We asked Rhoades Ha whether the ongoing evaluation of “next assignments” for “Caliphate” producers and reporters means that Mills could receive the same treatment as Callimachi. The Times, responded Rhoades Ha, is sticking with its statement. In November 2017, the Times suspended prominent political reporter Glenn Thrush after Vox alleged instances of sexual misconduct at Thrush’s previous employer, Politico. Thrush later returned to the Times’s pages, though he was removed from covering the White House.

Mills grew up in Louisville, Ill., and has said he never expected to land at his current station. In an emotional speech accepting the newspaper’s Peabody Award for “Caliphate,” he said, his voice breaking, “On a personal note, I grew up in the middle of nowhere. It was never a sure bet I would even go to college. I definitely never thought I would work at the New York Times or be here accepting an award on their behalf.”

That’s his style. Mills traveled with Callimachi to Iraq to document, among other things, the 2017 liberation of Mosul from the grip of the Islamic State. Reflecting on his travels with Callimachi, Mills commented during a 2019 interview, “I’m definitely more of an emoter. I found it beautiful and moving to be in the places we were in, and got caught up in my emotions quite a bit.”

He couched the “Caliphate” interview with Chaudhry — known in the series by his alleged nom de guerre “Abu Huzayfah” — in similar terms. “I never thought I would be sitting in a room getting emotional with a member of ISIS as they explained doing something that I think is rather despicable and yet, like, here we were having this amazing experience,” said Mills at a May 2018 event at the Commonwealth Club in San Francisco.

Those comments help explain why “Caliphate” blew past warning signs en route to a colossal journalistic failure: Chaudhry’s story was just too perfect. In Chapter 5, he describes carrying out an execution of a man in an orange jumpsuit. “I had to stab him multiple times. And then we put him up on a cross. And I had to leave the dagger in his heart,” says Chaudhry in the podcast. He has been charged in Canada with fabricating his entire story.

The journalistic nadir of “Caliphate” arrives in Chapter 6, when the Times reporters reveal a problem with Chaudhry’s Islamic State timeline. To his credit, Mills raises the possibility that Chaudhry is running an elaborate scam. Yet the team talks itself out of that prospect: “But if this turns out to be some sort of fantasy that he’s living out, this is the most strange and profound fantasy I’ve ever heard of,” says Mills. From there, “Caliphate” outfits Chaudhry with a brand-new timeline, with Mills’s active participation. Looking over the dates, Mills says to his colleagues, “So that puts it there, right here. That lines up. That actually lines up, right here. . . . That theory would answer a lot of questions.”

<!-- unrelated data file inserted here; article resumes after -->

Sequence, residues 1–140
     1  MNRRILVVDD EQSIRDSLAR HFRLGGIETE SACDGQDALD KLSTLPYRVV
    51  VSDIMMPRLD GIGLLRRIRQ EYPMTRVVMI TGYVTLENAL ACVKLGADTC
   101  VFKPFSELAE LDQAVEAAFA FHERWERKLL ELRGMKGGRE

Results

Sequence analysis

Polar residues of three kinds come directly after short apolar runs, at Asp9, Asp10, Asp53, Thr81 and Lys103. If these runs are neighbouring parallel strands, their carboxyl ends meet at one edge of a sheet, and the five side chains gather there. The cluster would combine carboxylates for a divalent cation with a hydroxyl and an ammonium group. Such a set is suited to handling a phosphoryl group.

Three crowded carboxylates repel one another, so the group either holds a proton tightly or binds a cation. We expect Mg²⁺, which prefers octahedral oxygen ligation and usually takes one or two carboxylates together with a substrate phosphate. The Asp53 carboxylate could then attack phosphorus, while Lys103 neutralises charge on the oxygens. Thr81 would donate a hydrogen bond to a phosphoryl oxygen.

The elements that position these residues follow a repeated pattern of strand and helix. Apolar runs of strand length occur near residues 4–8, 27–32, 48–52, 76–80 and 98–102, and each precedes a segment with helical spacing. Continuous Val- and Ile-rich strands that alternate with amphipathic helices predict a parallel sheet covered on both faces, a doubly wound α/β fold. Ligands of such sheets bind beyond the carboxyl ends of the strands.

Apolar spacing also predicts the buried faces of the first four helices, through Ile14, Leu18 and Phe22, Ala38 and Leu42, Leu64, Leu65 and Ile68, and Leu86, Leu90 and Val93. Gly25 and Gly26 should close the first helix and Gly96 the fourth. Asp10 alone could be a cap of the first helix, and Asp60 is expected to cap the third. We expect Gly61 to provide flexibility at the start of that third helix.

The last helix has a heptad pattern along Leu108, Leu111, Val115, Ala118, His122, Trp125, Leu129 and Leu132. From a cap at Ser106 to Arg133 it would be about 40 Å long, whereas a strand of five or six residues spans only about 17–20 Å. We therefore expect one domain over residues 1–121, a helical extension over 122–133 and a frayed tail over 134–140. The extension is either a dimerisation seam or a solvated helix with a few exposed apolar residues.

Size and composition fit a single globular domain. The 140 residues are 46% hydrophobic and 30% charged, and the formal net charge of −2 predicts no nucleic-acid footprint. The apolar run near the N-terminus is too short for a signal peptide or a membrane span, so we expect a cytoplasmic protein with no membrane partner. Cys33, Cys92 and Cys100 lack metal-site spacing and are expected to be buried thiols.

A Times investigation of Chaudhry’s activities revealed that Canadian officials are “confident” that Chaudhry “did not enter Syria or join ISIS, much less commit the grievous crimes he described.”

A separate story from the Times media desk examined the internal handling of “Caliphate" and the fallout. It noted that Callimachi’s byline hadn’t appeared in the paper since the Times began reviewing “Caliphate” in late September. “She’s going to take on a new beat, and she and I are discussing possibilities,” Executive Editor Dean Baquet says in the article. “I think it’s hard to continue covering terrorism after what happened with this story. But I think she’s a fine reporter.” There was no such discussion of Mills’s future, though the piece did note his role in conceiving “Caliphate.” Mills has assisted with “The Daily,” the Times’s celebrated morning podcast, as well as “Rabbit Hole,” which explores how the Internet is “reshaping humankind’s perception of reality.”

In her remarks at the Commonwealth Club, Callimachi said that Mills pitched the idea of a serialized podcast featuring her work on terrorism in his “intake interview." At the same event, Mills said, “My initial pitch of, like, what we’re going to do is, like, the five questions that everyone needs to know about ISIS, like, who are they, what do they believe, why would anyone join them? I laid out this big pitch of like, this is how it’ll all work, and then we did that interview. . . . I’m very good at pitching."

On Dec. 23, Briana Breen, a San Francisco-based audio producer, tweeted about a dinner that she’d attended with Callimachi, Mills and others just after the “Caliphate” team completed editing the series. “The things that Andy said about Rukmini to me alone and in front of the other non-NYT people when he thought [Rukmini] and their NYT colleague were out of earshot were the worst things I’ve ever heard anyone say about someone they work with," wrote Breen. “Andy claimed all credit for the success of both Caliphate and The Daily.”

Mills has made his way in audio by pushing for narrative perfection. “From a young age, I always liked stories, whether in the form of books, movies, or stories that the preacher told on Sundays in the church I grew up in,” said Mills in a 2019 interview. “Later in life, I realized you could get paid if you were good at telling stories, which is still an idea that fascinates me.” His own narrative arc has now attracted notice from colleagues and peers: He is accused of abusing and belittling women at his former job, has moved up to an exciting and entrepreneurial gig at the Times, played a key role in a series that collapsed — and moved right along.

Journalists at the Times have raised concerns about this sequence of events. Those concerns, according to a source at the paper, have reached the upper levels of the Times, where they belong.

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The ‘Caliphate’ retraction won’t end the New York Times’s woes